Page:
caused by more livestock, fertiliser and effluent
        support productive, profitable agriculture that protects ecosystem health and
        prevents pollution of freshwater – by using the latest technology, validated decision
        support tools, farm system modelling and strategy planning, and advanced effects
        work with farmers and the agribusiness sector to enable them to make sound
        strategic decisions about capital investment for environmental mitigations.

        [Jenny, if you are cut and pasting (or typing out), can you please included a link or reference for the sources, thanks – weka]

      • Bill 1.1.2

        T’would be nice to see them trending towards the highest common denominator. So if the Greens have a higher bar for water, do it. If Labour have a better housing policy, do it. Or if a combination of their policies gives a better outcome, do that.

        Don’t know what the chances are for that though, and am guessing the larger party will pull the policies of the smaller party to align with its own policies for the most part.

        As long as we don’t hear the tired old battle cry of how we can’t afford x, y or z

        • weka

          Fortunately the Greens are pretty good at costing out policy, although I guess that in reality all bets are off until after a coalition is formed because the neither party can pre-empt what will be needed from the budget.

          I’m guessing a combination of the policies will prevail here it’s easy for Labour to do that. Hard to see what they could have a problem with with this aquifer policy (but I haven’t read the full doc). Other policies I reckon they will resist. Hence my stance that the left need to vote Green 😉 The more Greens in parliament, the better their chances of achieving best outcomes.

  2. saveNZ 2

    Good bill from the Greens.

  3. Cinny 3

    Thanks Greens, love your work, there will be more Greens in Parliament this year.

    Thanks again for this bill, well done Catherine Delahunty

  4. This is actually a really important gap in both National and Labour’s past water policies, as farmers are currently largely on the defensive about fencing, however fencing doesn’t help with groundwater quality, which is mainly influenced by how much pee soaks into the ground, so can’t really be solved in any way but lowering the intensity of certain farming methods. (such as dairy. Although I suppose you could keep cows indoor more so that their pee doesn’t leak into the ground as much, it doesn’t seem a practical solution)

    It makes all the sense in the world and I hope Labour simply agrees to take this policy as-is without any negotiation, because tbqh it’s a win for anyone who stands behind it. The only reason not to put limits on groundwater pollution is basically if you’re in the pocket of polluting industry.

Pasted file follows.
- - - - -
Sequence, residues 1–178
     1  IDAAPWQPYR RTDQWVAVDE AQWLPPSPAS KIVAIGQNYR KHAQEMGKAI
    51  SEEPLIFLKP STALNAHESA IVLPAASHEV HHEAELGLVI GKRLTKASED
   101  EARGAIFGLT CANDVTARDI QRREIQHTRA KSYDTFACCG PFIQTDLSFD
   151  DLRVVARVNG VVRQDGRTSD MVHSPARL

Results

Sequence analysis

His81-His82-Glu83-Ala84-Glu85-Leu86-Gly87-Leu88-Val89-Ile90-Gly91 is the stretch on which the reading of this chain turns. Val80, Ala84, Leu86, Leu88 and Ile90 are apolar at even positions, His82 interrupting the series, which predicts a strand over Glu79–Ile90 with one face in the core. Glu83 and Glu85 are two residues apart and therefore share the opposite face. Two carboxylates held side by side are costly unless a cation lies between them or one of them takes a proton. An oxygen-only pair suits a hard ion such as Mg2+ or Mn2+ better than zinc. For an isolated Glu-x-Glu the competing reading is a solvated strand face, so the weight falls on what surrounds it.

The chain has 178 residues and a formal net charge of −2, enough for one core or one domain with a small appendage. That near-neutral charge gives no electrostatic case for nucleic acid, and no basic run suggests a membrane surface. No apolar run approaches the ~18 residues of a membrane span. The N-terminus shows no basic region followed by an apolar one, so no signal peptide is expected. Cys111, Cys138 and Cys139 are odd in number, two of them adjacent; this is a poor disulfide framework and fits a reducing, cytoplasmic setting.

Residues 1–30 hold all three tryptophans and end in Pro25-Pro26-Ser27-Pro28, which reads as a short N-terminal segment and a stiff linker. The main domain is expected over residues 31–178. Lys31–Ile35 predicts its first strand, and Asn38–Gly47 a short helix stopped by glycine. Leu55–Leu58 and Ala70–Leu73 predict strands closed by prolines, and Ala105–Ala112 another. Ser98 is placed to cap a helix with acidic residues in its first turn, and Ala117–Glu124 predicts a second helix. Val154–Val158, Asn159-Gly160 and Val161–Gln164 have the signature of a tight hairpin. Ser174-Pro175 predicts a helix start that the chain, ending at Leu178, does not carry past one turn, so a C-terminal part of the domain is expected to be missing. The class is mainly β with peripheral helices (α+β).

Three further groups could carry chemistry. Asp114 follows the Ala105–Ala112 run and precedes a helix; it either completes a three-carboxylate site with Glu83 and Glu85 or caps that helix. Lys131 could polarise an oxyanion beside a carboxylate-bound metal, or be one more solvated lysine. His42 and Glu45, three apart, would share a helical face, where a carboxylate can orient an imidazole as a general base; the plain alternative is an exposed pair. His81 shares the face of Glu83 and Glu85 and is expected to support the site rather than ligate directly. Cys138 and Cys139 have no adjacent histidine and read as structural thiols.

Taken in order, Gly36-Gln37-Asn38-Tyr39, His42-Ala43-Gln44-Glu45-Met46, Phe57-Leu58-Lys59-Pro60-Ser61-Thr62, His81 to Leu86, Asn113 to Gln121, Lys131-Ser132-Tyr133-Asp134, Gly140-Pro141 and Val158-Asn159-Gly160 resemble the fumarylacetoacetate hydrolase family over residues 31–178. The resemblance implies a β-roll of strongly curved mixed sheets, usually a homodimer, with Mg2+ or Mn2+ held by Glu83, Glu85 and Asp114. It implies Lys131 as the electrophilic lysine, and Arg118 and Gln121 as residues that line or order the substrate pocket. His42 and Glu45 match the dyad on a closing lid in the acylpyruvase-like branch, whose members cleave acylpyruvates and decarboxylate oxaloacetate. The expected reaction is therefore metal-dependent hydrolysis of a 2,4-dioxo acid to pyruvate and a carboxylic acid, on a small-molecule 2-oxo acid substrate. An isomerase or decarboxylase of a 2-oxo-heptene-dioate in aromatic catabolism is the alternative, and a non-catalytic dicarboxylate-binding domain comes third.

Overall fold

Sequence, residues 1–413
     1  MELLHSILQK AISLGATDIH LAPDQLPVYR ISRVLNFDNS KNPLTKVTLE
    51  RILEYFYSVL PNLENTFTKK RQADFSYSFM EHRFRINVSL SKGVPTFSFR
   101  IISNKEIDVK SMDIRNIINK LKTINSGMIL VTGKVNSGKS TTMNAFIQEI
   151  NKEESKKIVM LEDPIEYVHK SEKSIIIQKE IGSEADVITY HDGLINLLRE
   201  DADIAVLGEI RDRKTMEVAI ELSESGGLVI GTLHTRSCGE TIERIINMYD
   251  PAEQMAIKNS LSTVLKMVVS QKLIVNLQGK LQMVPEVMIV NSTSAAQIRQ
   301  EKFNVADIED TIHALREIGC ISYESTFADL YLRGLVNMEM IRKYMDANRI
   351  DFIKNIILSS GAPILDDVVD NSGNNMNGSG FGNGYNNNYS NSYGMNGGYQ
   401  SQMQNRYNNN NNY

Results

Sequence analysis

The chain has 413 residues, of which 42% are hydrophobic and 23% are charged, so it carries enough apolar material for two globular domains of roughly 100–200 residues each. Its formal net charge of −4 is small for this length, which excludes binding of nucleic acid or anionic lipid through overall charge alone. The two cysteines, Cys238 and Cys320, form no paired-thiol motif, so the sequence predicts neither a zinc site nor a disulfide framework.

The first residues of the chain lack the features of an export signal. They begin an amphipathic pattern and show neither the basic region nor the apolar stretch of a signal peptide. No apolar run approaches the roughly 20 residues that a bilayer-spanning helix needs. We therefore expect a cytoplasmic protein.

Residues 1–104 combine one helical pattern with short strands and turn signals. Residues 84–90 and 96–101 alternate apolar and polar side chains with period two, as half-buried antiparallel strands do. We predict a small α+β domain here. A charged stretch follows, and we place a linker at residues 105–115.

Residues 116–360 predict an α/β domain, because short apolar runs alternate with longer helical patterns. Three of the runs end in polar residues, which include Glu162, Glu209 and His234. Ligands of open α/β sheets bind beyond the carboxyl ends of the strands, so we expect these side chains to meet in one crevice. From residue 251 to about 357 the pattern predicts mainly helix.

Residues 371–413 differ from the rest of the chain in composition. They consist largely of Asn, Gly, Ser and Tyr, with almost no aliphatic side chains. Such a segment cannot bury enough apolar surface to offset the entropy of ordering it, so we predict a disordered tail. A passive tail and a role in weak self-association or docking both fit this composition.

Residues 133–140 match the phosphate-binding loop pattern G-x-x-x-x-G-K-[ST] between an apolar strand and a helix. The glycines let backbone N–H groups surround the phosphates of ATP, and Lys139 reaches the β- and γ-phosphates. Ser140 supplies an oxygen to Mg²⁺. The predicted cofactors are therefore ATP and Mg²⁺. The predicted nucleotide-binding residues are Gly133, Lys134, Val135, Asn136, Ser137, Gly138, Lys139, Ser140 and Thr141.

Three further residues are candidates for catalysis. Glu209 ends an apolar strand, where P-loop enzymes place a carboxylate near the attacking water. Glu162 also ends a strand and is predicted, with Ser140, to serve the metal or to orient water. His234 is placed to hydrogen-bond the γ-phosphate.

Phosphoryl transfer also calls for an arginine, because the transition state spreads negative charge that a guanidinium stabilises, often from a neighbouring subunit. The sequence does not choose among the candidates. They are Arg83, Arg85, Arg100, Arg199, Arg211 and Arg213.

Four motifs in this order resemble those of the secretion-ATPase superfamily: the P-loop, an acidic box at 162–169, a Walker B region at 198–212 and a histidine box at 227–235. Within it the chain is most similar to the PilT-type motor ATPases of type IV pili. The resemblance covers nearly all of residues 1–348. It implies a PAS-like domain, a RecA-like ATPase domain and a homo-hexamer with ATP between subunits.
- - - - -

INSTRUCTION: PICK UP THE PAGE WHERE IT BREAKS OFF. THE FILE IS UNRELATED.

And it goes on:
• Jenny Kirk 4.1

      Labour knows that fencing alone is not enough, Matthew Whitehead, and suggests there be a reasonable buffer zone between fence and water – which would be planted with vegetation to absorb nutrient runoff, filter out sediment, and help stop the banks eroding into the waterways.

      • weka 4.1.1

        Even with the best riparian planting in the world, there is still the issue of vertical contamination of groundwater. The problem here is that it can take years or decades for this to show up in the aquifer, which means once the source of the pollution is removed, there will still be all the pollution still working its way down, thus a lag between stopping pollution and the water actually clearing.

        As Matthew says, the only solution to this type of pollution is lower stock rates or destocking.

      • I wasn’t questioning Labour’s credentials on the direct contamination of rivers, Jenny.

        What I was pointing out is that groundwater, while important by itself, also feeds some of our rivers, so high-density farming is actually causing rivers to be polluted even when farmers take sensible fencing precautions like the ones Labour is calling for, because the cow pee is saturating the soil, and thus contaminating the groundwater, which in turn feeds the cow pee into certain rivers without it ever visibly leaving a farmer’s property.

        I’m sure Labour will be quite willing to consider this issue as part of their water policy once we’ve changed the government together, as they have the same goals the Greens do on protecting freshwater. All I’m saying is that this is part of the problem that actually hasn’t been talked about until this member’s bill, and it’s good to see the Greens actually locking down more causes of freshwater contamination than just the obvious ones.

    • weka 4.2

      “Although I suppose you could keep cows indoor more so that their pee doesn’t leak into the ground as much, it doesn’t seem a practical solution”

      Unfortunately this push is already happening for this and includes the framing that it’s better for the environment. I hope the animal welfare people step up on this strongly.

  5. Michael 5

    Delahunty’s Bill is good. Will Labour support it or not?